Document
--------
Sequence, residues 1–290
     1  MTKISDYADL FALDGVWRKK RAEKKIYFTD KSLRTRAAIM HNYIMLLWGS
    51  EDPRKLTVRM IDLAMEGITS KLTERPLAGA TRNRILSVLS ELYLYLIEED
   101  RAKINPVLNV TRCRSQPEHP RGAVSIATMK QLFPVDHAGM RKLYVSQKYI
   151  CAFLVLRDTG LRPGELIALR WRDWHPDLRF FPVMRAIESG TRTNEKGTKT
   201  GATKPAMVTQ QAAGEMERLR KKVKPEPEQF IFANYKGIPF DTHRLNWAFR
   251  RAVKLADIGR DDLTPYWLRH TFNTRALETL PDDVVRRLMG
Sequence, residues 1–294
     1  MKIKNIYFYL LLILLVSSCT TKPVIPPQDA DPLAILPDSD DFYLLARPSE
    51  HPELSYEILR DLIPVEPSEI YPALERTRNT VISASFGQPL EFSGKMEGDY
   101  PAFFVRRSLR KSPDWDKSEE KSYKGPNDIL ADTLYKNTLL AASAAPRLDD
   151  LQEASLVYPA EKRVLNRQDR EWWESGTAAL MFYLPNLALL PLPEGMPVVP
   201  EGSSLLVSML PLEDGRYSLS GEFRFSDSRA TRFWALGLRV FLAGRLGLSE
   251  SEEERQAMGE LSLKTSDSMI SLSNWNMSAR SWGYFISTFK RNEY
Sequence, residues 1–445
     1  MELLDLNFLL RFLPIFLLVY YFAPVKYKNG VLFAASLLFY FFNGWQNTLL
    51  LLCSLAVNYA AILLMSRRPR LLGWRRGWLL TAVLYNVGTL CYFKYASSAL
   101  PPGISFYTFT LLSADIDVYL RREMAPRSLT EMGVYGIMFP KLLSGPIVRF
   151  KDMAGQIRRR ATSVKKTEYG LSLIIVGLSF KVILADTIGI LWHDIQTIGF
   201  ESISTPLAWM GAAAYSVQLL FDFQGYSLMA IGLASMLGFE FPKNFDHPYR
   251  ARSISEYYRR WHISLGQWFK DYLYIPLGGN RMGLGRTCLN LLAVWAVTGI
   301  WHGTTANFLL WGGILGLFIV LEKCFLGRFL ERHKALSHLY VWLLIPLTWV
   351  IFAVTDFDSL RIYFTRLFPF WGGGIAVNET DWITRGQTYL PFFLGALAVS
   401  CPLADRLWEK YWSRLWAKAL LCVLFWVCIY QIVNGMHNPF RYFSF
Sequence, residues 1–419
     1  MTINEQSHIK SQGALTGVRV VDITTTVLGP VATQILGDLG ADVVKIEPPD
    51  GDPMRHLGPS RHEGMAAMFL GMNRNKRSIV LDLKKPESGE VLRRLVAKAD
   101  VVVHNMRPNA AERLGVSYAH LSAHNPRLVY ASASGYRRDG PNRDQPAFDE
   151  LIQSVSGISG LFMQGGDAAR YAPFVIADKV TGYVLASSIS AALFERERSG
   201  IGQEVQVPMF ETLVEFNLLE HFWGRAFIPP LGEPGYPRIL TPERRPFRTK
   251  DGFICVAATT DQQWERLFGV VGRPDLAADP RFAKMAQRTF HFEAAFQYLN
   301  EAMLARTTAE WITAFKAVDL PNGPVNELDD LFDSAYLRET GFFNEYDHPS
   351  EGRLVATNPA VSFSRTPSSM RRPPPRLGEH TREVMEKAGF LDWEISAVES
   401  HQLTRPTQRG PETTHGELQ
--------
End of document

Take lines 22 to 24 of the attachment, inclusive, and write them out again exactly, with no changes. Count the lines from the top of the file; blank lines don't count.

   301  WHGTTANFLL WGGILGLFIV LEKCFLGRFL ERHKALSHLY VWLLIPLTWV
   351  IFAVTDFDSL RIYFTRLFPF WGGGIAVNET DWITRGQTYL PFFLGALAVS
   401  CPLADRLWEK YWSRLWAKAL LCVLFWVCIY QIVNGMHNPF RYFSF